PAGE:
the beach, a couple of experts flew three dual line kites with one set of controls in each hand and the third set affixed to the flier’s waist. The hip gyrations were something to behold as all three kites synchronously dipped and rose, bobbed and weaved and circled clockwise and counterclockwise. One expert flier flew a train of 78 identical kites all attached to the same line and spaced about 12-15 inches apart. Elsewhere on the beach, kite buggy pilots/drivers were having fun.
A sample of the titles of some of the events/competitions were “Kite Trains – Arches and Sport Kite Stacks” wherein awards were given in four categories: Trains, Ohashi Arches, European Arches and Stunt Kite Stacks; Individual (and Team) Rokkaku Battle wherein a kite is eliminated for touching the ground; Mass Ascension #1 – Deltas and Delta Derivatives (#2 – Cellular Kites, #3 – Flat and Bowed Kites and #4 – Sparless Soft Kites); Senior Ballet, wherein all the competitors must be at least 50; The Smallest Kite; and, my favorite, The Mystery Ballet wherein the competitors and the music are randomly paired with music widely familiar to almost everybody, such as “Piano Man” by Billy Joel,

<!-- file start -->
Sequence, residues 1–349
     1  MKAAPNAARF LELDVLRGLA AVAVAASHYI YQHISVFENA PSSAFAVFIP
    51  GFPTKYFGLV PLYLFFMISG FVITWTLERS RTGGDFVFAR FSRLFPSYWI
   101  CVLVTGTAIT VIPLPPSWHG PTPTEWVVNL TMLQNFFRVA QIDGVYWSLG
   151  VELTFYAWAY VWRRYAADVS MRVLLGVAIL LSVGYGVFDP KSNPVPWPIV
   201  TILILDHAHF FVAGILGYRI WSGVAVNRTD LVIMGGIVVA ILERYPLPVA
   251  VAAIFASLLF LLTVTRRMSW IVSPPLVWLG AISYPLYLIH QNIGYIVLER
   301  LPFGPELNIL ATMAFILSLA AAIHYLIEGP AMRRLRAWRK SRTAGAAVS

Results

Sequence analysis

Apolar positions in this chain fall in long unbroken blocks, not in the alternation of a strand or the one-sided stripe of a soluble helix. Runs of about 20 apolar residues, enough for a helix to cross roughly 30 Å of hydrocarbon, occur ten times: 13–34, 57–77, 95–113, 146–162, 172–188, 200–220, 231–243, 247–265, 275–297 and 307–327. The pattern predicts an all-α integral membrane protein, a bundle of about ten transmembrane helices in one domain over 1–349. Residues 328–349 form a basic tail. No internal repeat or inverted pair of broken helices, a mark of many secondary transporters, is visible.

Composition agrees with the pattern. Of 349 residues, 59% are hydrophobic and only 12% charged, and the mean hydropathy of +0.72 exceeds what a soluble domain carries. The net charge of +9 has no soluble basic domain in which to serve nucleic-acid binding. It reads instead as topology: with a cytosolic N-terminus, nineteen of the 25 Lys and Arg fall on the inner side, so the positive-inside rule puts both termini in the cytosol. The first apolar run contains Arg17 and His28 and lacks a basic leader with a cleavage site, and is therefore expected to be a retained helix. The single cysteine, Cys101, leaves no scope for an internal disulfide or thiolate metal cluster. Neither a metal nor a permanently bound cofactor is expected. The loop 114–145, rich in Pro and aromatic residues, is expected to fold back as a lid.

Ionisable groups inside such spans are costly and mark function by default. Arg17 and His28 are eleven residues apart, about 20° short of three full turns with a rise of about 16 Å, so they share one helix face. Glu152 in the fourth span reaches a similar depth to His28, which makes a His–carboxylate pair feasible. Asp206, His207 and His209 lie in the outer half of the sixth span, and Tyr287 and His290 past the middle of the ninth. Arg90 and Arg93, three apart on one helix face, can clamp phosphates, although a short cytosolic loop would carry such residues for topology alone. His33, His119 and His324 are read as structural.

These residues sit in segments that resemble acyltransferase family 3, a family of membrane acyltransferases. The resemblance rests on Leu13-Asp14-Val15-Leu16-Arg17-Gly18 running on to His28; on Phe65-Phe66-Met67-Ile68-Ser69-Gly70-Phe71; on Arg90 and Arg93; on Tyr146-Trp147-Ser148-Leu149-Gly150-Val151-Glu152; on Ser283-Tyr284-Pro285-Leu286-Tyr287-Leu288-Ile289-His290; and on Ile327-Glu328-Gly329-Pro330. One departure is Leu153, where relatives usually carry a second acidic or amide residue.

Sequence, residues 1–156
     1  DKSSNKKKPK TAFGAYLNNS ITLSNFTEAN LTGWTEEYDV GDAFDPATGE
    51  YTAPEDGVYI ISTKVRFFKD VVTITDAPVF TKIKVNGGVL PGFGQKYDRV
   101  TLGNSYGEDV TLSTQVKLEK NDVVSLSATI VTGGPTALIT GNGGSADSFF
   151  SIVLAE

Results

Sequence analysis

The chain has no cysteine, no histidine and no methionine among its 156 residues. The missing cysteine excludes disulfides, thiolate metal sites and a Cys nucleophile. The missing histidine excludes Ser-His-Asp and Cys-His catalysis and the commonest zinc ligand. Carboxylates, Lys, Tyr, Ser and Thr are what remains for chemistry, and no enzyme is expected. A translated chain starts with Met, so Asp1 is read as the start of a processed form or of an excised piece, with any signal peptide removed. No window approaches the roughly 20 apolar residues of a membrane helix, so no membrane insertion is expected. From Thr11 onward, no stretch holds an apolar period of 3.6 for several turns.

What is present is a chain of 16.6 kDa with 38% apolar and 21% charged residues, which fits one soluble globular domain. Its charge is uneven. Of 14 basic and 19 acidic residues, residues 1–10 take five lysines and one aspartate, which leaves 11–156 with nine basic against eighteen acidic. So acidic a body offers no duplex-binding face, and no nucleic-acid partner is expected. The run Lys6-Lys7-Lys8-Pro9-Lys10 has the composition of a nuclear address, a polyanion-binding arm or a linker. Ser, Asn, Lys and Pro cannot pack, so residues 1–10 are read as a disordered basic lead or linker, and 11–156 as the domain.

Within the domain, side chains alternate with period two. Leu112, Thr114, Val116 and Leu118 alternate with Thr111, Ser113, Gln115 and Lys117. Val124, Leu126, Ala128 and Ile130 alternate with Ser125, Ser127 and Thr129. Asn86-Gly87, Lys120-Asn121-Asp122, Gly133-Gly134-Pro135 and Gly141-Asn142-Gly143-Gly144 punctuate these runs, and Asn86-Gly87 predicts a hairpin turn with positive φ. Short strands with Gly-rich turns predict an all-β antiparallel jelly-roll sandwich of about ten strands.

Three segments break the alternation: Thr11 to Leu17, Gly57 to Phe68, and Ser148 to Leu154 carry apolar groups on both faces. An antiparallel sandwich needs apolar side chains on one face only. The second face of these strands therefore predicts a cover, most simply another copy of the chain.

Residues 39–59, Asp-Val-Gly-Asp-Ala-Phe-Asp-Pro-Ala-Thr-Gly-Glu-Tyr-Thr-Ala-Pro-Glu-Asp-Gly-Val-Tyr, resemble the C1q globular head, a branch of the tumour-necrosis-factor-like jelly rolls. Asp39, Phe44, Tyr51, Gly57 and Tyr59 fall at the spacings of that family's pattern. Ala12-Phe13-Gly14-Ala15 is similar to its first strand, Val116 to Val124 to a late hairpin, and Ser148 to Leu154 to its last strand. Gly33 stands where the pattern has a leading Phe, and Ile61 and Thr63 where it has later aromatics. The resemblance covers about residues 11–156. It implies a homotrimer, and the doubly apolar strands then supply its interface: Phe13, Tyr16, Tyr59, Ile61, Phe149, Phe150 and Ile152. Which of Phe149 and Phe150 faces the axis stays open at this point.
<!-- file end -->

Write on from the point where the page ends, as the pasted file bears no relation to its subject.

“Somewhere Over the Rainbow” by Judy Garland, “New York, New York” by Frank Sinatra or “Hey Jude” by The Beatles. Incredible skills were on display! Many might find the kite festival boring, but I found it fascinating. You’ll have to attend one and decide for yourself.
On Saturday, my friend drove down to Long Beach from his “summer” home in Shelton WA. I met him through my friend Gary while he was wintering in the Phoenix metro. We met at an amazing breakfast/ lunch establishment, Laurie's Homestead Breakfast House
, (which closes in early afternoon) and spent the remainder of the day BSing about soup to nuts. After dinner, he headed back to Shelton while I got enlivened with some good ‘ole fashion Cajun music. Cape Disappointment State Park hosts The Waikiki Beach Concert Series each summer and features a variety of music genres. Timing is everything, and I was lucky enough to have Savoy Family Cajun Band